His biographer writes “I wondered aloud what compensation he got for these various hardships. He told me, ‘If you’re making sacrifices, unless you’re automatically following some rule, it stands to reason that you’re trying to lessen some psychic discomfort. So, for example, if I took steps to be a doctor for those who don’t have medical care, it could be regarded as a sacrifice, but it could also be regarded as a way to deal with ambivalence.’ He went on, and his voice changed a little. He didn’t bristle, but his tone had an edge: ‘I feel ambivalent about selling my services in a world where some can’t buy them. You can feel ambivalent about that, because you should feel ambivalent.’”
This morning’s gospel calls us out of our ambivalence and away from those things that would dull our senses to the pain of the world. Advent will not soothe our existential angst like the panacea of Black Friday. Rather it urges us to wake up, to not get too cozy, to examine what fears and worries motivate us, and to live with expectancy, always watching for the redemption of God coming amid the calamities of the world, to those on the margins.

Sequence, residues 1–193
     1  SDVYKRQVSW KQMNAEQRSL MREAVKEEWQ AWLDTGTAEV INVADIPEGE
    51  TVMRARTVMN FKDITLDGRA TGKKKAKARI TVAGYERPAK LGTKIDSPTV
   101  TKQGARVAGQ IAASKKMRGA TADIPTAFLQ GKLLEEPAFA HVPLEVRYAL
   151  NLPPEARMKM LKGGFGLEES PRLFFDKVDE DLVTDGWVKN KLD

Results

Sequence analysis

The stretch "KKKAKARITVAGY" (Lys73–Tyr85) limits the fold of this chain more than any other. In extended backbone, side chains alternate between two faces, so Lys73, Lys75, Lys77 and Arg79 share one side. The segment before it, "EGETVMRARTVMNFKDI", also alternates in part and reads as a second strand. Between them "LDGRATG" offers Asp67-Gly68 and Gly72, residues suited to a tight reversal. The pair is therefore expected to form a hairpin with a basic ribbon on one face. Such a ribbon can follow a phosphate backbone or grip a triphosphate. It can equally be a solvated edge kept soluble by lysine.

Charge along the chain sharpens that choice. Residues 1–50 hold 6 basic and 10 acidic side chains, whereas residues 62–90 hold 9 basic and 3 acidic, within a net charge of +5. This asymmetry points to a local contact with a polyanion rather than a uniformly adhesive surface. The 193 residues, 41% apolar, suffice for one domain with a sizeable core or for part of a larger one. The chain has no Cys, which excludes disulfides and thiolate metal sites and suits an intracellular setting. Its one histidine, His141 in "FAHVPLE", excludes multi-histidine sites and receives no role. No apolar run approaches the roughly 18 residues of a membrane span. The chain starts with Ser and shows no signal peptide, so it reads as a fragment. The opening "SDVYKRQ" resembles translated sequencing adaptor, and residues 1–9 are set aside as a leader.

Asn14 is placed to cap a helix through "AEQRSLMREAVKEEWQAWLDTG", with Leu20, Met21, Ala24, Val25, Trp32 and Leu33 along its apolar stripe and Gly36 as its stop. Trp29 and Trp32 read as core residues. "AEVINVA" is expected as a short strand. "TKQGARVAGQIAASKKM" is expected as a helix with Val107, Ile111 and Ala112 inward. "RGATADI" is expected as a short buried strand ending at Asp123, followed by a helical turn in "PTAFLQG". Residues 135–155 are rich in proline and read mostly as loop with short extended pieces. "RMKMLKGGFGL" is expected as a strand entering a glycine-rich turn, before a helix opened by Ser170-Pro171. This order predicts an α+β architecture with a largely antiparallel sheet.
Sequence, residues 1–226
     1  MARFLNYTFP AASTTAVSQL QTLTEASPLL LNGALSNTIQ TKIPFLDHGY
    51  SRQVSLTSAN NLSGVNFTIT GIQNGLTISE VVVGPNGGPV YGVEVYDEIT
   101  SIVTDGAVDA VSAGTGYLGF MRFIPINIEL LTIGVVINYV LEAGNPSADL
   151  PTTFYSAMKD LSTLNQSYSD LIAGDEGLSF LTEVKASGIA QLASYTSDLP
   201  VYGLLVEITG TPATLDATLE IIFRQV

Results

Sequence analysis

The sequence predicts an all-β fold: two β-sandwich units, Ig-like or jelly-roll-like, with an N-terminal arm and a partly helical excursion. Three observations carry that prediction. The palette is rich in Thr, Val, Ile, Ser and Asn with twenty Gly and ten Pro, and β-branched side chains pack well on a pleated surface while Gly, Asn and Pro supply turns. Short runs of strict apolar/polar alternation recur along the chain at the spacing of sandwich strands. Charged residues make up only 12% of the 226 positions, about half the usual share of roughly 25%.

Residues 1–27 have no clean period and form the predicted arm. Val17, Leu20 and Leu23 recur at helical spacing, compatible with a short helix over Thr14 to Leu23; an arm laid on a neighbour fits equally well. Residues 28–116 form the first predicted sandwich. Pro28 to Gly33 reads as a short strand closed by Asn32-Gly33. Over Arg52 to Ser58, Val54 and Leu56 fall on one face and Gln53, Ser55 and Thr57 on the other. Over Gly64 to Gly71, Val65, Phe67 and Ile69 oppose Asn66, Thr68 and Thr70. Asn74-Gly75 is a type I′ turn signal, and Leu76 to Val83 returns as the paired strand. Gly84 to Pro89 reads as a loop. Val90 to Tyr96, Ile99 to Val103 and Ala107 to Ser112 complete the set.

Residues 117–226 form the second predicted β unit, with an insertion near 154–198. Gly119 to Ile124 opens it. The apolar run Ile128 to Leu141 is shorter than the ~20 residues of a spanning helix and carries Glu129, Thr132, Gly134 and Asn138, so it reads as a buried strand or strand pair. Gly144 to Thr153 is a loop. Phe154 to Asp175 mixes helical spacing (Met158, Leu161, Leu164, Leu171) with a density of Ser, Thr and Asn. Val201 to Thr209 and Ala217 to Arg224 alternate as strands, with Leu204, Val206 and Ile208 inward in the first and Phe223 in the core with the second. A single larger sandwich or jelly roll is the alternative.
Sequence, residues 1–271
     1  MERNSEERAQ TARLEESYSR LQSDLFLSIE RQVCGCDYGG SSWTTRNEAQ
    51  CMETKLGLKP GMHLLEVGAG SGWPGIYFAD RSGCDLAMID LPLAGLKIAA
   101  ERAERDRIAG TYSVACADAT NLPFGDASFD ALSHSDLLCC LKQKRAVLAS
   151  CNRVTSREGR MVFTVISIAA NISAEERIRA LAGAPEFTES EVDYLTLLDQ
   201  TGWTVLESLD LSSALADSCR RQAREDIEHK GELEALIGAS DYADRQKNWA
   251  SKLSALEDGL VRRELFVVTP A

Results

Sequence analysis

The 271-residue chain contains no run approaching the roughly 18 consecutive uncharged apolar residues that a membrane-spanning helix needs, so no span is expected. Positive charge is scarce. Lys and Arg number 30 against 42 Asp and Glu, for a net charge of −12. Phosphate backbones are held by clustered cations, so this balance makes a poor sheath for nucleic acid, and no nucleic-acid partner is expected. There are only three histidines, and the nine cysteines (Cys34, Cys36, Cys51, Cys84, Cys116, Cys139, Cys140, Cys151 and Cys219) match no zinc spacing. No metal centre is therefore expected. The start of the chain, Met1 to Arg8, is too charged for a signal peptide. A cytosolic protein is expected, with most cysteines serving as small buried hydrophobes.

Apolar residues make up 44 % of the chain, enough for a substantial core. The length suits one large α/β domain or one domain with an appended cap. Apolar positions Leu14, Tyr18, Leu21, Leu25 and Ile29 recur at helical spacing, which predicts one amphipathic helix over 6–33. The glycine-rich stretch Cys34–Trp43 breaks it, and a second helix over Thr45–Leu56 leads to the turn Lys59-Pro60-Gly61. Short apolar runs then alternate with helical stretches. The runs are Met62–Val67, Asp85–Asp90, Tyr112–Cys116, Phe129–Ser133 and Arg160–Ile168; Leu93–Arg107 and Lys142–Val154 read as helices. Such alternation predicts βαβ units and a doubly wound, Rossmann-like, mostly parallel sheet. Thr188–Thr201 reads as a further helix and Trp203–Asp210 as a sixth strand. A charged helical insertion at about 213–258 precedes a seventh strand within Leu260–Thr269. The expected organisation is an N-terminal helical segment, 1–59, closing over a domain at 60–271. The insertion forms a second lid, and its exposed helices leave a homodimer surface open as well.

A few days ago Black Lives Matter Minneapolis put out a call on social media for donations of children’s winter wear. It would appear that as the protest at the 4th Precinct goes on, there are not only people of all ages and means in attendance, and in need of appropriate winter wear, but so too, the encampment there has become something of a place of hospitality and relief to the neighborhood. Of course, they say never read the comments. But, forgive me Lord, I did. A common and understandable response to the request was to wonder why in the world would anyone bring a child to such a decidedly dangerous protest. One mother’s response made it abundantly clear – she takes her children she said to teach them about love in community, to “stand beside those who are being treated unjustly.
God’s power is made manifest in the lives of the powerless who speak up and stand up and will not be kept down. God’s redemption is made known through such as these. God is with them, and so must we – not as ones who have come to save, for their salvation is already at hand, but for our own redemption. Our redemption is inextricably tied to the redemption of those who are oppressed, for these are the ones with whom the Incarnate One stands, these are they to whom God is coming. We cannot bury our heads in the sands of a cozy winter holiday when Advent urges us to lift up our heads. Lift your heads, stand with the oppressed wherever they are, in your neighborhood or in North Minneapolis – lift your heads and see there, out in the abandoned places of empire, your redemption is at hand.